Queen Teuta and Rome
To return to the Illyrians. From time immemorial
they had oppressed and pillaged vessels sailing
; and now while their fleet was engaged at Phoenice a considerable number of them, separating from the main body, committed acts of piracy on a
number of Italian merchants: some they merely plundered,
others they murdered, and a great many they
carried off alive into captivity.
The Romans interfere, B. C. 230.
complaints against the Illyrians had reached the
Roman government in times past, they had always been
neglected; but now when more and more persons approached
the Senate on this subject, they appointed two ambassadors,
Gaius and Lucius Coruncanius, to go to Illyricum
and investigate the matter. But on the arrival of her galleys from
, the enormous quantity and beauty of the spoils which
they brought home (for Phoenice was by far the wealthiest
city in Epirus
at that time), so fired the imagination of Queen
Teuta, that she was doubly eager to carry on the predatory
warfare on the coasts of Greece
. At the moment, however,
she was stopped by the rebellion at home; but it had not
taken her long to put down the revolt in Illyria
, and she was
engaged in besieging Issa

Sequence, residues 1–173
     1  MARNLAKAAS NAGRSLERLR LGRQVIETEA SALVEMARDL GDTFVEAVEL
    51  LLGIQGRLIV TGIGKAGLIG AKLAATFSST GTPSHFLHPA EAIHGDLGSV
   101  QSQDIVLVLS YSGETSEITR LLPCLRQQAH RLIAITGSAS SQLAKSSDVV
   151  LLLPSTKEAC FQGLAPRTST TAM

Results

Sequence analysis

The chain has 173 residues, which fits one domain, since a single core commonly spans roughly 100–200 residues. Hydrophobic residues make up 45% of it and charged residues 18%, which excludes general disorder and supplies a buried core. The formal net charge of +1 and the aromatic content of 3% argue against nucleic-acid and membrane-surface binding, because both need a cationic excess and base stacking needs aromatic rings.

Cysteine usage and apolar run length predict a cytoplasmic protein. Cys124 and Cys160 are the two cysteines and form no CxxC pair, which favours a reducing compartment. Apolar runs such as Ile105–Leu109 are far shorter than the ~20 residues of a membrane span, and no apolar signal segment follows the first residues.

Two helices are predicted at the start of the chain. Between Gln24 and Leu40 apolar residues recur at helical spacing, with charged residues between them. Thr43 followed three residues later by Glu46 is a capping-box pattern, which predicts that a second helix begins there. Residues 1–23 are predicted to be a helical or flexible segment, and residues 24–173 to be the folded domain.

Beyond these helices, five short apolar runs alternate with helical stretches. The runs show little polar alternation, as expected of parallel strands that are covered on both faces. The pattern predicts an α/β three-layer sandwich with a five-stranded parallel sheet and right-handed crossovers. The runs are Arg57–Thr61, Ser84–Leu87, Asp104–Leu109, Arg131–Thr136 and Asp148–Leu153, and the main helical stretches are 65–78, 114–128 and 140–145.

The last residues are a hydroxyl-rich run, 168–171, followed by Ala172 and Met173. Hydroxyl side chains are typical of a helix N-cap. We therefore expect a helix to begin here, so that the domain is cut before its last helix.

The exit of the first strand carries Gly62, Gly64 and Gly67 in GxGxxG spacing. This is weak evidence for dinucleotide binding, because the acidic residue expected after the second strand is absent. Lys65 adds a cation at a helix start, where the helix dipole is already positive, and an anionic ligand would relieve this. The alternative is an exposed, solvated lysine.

, the last town which held out, when
just at that very time the Roman ambassadors arrived. A
time was fixed for their audience, and they proceeded to discuss the injuries which their citizens had sustained.
Queen Teuta's reception of the Roman legates.
Throughout the interview, however,
Teuta listened with an insolent and disdainful
air; and when they had finished their speech, she replied that
she would endeavour to take care that no injury should be
inflicted on Roman citizens by Illyrian officials; but that it was
not the custom for the sovereigns of Illyria
to binder private
persons from taking booty at sea. Angered by these words,
the younger of the two ambassadors used a plainness of speech
which, though thoroughly to the point, was rather ill-timed.
"The Romans," he said, "O Teuta, have a most excellent
custom of using the State for the punishment of private
wrongs and the redress of private grievances: and we will
endeavour, God willing, before long to compel you to improve the relations between the sovereign and the subject in
." The queen received this plain speaking with womanish
passion and unreasoning anger.
A Roman legate assassinated.
So enraged was she at the
speech that, in despite of the conventions universally observed
among mankind, she despatched some men after
the ambassadors, as they were sailing home, to
kill the one who had used this plainness. Upon
this being reported at Rome
the people were highly incensed
at the queen's violation of the law of nations, and at once set
about preparations for war, enrolling legions and collecting a